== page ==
Most people recommend not to buy a new car because they depreciate so quickly. And we all know you shouldn’t put a lot of money into a depreciating asset – especially one that most people won’t keep long enough to pay off. Well, I went against that advice, and bought a new car in November of 2005. There were several reasons I bought a new car, but I will tell the story and the reasons will unfold.
The first reason was – I needed a different vehicle. The truck I owned at the time was a manual transmission, and I was scheduled to have back to back knee surgeries (one on each knee). I lived alone at the time, so I needed a reliable means of transportation that wouldn’t cause me pain to drive. I needed a car with an automatic transmission. Oh, and I lived in a location where having a car is a necessity due to the complete absence of public transportation.
Lack of local options. I lived in a fairly small, military town in west TX. There are several recurring themes in military towns – one of which is the propensity for auto dealerships to charge much more than they would in other towns. The other thing I had going against me, was small town dealerships often charge more than dealerships in large cities. It only made sense for me to go to a larger city to buy my car.
So I traveled. Thankfully, my parents lived in Houston, a large city with plenty of dealerships fighting for sales. One weekend I made the 6.5 hour drive to visit them and shop for another car. I had done plenty of research and determined I wanted a late model used car, and I had several models in mind. But there was a problem. A big problem.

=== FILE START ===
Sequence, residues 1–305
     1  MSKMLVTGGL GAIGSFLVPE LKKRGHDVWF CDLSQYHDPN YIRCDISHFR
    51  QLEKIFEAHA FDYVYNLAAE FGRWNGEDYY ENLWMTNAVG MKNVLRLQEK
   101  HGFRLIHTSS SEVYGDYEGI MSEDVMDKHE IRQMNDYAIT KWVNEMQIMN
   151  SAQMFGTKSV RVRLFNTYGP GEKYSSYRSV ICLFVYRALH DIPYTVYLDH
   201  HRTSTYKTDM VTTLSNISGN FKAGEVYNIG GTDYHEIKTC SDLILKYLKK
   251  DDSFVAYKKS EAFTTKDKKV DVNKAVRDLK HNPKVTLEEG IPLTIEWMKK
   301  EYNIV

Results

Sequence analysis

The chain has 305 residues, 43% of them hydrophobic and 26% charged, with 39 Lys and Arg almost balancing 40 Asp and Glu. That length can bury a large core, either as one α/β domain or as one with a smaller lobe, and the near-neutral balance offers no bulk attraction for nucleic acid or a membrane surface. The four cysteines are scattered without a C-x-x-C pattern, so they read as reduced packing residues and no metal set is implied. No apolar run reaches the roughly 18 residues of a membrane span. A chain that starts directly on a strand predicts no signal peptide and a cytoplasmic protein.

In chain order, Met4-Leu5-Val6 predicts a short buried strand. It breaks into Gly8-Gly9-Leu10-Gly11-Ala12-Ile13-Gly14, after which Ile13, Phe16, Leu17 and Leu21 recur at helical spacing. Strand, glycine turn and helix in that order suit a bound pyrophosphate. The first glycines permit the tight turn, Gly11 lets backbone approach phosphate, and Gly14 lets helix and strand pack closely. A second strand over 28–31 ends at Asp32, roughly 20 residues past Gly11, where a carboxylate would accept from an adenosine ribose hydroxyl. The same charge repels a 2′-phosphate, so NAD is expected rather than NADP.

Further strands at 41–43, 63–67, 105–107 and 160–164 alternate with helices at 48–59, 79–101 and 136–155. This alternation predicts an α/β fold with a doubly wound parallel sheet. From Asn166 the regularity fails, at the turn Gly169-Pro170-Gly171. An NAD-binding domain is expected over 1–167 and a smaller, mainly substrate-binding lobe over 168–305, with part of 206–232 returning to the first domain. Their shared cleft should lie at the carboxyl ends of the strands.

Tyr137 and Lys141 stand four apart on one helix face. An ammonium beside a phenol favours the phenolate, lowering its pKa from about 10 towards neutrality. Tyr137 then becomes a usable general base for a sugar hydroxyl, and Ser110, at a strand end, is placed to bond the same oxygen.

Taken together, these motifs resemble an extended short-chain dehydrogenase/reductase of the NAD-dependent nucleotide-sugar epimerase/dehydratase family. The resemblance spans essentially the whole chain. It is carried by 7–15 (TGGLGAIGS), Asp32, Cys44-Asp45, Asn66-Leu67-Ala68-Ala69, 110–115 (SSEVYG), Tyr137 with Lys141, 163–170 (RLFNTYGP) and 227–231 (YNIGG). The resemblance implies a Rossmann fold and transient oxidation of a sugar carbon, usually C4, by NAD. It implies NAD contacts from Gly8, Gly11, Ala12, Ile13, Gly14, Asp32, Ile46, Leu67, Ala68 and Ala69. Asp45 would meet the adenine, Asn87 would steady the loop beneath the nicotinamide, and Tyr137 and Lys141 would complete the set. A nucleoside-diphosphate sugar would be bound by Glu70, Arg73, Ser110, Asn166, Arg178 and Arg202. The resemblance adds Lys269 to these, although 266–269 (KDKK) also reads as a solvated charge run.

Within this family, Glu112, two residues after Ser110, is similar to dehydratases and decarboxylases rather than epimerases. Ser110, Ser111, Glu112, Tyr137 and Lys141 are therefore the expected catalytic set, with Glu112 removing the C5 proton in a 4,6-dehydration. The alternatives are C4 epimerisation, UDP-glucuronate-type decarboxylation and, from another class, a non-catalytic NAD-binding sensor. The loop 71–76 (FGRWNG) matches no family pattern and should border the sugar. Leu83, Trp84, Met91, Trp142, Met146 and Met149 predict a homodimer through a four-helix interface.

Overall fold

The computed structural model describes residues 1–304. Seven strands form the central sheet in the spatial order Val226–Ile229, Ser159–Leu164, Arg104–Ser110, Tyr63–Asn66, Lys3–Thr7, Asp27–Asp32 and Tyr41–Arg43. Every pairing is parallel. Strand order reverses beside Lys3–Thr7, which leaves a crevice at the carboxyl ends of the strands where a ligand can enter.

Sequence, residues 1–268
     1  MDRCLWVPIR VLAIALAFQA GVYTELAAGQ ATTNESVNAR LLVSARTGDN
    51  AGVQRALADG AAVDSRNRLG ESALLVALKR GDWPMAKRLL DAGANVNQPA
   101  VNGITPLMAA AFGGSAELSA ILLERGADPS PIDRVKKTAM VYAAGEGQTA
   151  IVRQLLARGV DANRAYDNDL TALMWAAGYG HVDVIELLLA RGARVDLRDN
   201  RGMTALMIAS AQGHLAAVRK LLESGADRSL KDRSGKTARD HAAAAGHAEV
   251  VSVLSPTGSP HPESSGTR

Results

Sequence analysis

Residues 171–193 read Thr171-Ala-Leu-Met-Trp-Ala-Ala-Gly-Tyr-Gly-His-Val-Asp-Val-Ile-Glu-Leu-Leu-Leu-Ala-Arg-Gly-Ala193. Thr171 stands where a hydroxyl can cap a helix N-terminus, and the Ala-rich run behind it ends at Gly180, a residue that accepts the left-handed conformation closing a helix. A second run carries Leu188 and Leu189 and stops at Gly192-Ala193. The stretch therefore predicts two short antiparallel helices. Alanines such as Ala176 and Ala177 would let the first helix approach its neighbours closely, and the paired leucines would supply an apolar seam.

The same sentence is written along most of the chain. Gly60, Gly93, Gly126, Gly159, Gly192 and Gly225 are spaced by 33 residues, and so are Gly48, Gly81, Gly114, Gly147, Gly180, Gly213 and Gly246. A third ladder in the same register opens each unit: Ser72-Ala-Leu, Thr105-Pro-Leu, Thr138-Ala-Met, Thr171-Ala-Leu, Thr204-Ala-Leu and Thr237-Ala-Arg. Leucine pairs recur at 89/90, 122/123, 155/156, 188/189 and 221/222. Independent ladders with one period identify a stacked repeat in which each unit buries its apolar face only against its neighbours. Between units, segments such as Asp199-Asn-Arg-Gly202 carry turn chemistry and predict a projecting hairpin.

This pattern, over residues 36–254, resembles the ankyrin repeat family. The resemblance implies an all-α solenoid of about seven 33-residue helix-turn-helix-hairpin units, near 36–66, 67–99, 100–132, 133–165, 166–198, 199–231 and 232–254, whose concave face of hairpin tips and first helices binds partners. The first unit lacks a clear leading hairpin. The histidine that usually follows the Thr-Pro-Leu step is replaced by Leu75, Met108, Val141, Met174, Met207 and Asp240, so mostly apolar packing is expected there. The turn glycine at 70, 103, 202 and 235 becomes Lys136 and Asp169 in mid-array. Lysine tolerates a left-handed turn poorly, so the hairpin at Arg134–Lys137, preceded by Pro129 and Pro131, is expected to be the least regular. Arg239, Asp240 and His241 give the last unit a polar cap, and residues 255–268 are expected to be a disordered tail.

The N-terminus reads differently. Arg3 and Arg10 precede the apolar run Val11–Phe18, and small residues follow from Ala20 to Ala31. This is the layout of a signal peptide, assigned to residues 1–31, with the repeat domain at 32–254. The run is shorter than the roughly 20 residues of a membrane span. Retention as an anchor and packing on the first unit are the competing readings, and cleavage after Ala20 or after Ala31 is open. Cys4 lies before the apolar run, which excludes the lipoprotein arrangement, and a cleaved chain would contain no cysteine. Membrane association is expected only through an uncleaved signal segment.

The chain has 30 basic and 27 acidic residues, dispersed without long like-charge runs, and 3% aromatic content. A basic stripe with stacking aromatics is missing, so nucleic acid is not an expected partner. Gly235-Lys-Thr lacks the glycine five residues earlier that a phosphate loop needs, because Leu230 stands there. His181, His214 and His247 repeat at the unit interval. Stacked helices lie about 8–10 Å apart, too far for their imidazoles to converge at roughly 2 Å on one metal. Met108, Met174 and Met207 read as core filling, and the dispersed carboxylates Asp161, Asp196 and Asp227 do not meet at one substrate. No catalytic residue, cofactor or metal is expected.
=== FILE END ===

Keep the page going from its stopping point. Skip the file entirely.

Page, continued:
A natural disaster. November 2005 was shortly after Hurricane Katrina, and almost all of the used cars in the Houston region were bought up by hurricane refugees who relocated to Houston after the gulf region was devastated. The remaining used cars were almost as expensive as new cars, and damaged cars were just starting to “flood” the market. There was a substantial amount of automobile fraud around this time period. Based on the price I would have had to spend to buy a used car, and the added risk of buying damaged goods, it was actually better for me to buy a new car.
I did my research, and narrowed down my choices to a few selections, then test drove them. In the end, I purchased a brand new car that was relatively inexpensive, economical, sporty, and is fun to drive (it has a Tiptronic style automatic transmission with a manual shifter). I also got a full warranty, and a guarantee that the car had not been subjected to the ravages of flood waters. In that post-Katrina environment, that was a very big deal.
I made the deal, not the dealership. I will write a more detailed article about this later, but basically, I went into the dealership and told them the deal I wanted, how much I would pay, what I wanted for my trade-in, and gave them the option of accepting or not. To be honest, the deal was good for all parties.
For my situation at the time, buying new was the best choice for me. If I were in the same situation again, I would make the same decision. Now though, there is no premium on used cars and there aren’t as many flood damaged cars on the market, so my decision would probably be different. But I do not regret my decision. I have had this car for 2 years now, and I expect that I will have it for quite a few more.
photo credit: Michal Zacharzewski, SXC.